Silastic Ring Gastric Bypass Versus Sleeve Gastrectomy for Type 2 Diabetes Mellitus in Obese Patients
Type 2 diabetes (T2DM) and obesity are becoming increasingly common in New Zealand (NZ) and worldwide. Both are associated with a risk of early mortality (death). Whilst weight loss surgery is known to be effective for weight loss, current research suggests that it may also be effective in resolving T2DM in around 60-80% of patients, with some no longer requiring their medication. The mechanism for this remains unclear.
Two main types of weight loss surgery are performed in NZ public hospitals, which include gastric bypass and sleeve gastrectomy. The gastric bypass is a more complex procedure compared to the sleeve gastrectomy. Whilst both appear to be effective for weight loss (with most patients losing more than 60% of their excess weight), it is still not known which one is better for treating T2DM.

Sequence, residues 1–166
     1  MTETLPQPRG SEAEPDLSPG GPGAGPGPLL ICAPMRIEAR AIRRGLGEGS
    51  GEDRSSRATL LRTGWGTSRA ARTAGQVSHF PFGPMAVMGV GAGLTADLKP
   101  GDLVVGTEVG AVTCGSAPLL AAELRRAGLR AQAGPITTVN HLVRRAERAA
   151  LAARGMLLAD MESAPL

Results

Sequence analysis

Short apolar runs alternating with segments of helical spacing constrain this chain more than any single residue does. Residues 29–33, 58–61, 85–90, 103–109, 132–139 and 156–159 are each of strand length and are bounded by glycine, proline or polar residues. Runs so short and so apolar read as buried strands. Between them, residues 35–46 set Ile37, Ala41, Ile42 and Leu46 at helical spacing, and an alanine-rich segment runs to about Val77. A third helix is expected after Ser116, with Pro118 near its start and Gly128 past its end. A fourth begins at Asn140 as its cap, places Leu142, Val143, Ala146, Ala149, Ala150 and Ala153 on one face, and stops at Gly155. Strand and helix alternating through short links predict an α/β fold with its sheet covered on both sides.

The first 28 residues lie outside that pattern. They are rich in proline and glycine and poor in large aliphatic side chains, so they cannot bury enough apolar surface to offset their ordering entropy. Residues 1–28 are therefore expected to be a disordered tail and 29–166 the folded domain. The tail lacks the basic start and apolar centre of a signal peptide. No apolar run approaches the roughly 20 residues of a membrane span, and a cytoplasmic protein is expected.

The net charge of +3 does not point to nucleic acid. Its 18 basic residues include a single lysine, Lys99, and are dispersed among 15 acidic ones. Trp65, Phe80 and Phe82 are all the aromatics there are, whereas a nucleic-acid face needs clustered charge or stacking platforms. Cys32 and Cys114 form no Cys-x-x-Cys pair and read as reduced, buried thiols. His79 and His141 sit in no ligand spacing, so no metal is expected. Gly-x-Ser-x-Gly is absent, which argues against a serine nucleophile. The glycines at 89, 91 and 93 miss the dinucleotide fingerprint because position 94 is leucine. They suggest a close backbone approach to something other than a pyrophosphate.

This study will therefore compare which of these two surgical procedures is most effective at treating T2DM in obese patients, as well as comparing whether there are any differences in the amount of weight lost, side effects and quality of life.
|Type 2 Diabetes Mellitus Obesity||Procedure: Laparoscopic Silastic Ring Roux-en-Y Gastric Bypass Procedure: Laparoscopic Sleeve gastrectomy|
|Study Design:||Allocation: Randomized
Intervention Model: Parallel Assignment
Masking: Double Blind (Participant, Outcomes Assessor)
Primary Purpose: Treatment
|Official Title:||Prospective Randomised Controlled Trial Comparing the Efficacy of Laparoscopic Silastic Ring Roux-en-Y Gastric Bypass Versus Laparoscopic Sleeve Gastrectomy for the Management of Type 2 Diabetes Mellitus in Obese Patients|
- Remission of type 2 diabetes mellitus [ Time Frame: 5 years ]COMPLETE:Defined as fasting plasma glucose less than 5.6mmol/L and glycated haemoglobin (HbA1c) less than 6.0% in the abscence of active pharmacologic therapy PARTIAL:Defined as fasting plasma glucose between 5.6 and 6.9mmol/L and glycated haemoglobin (HbA1c) between 6.0 and 6.5% in the abscence of active pharmacologic therapy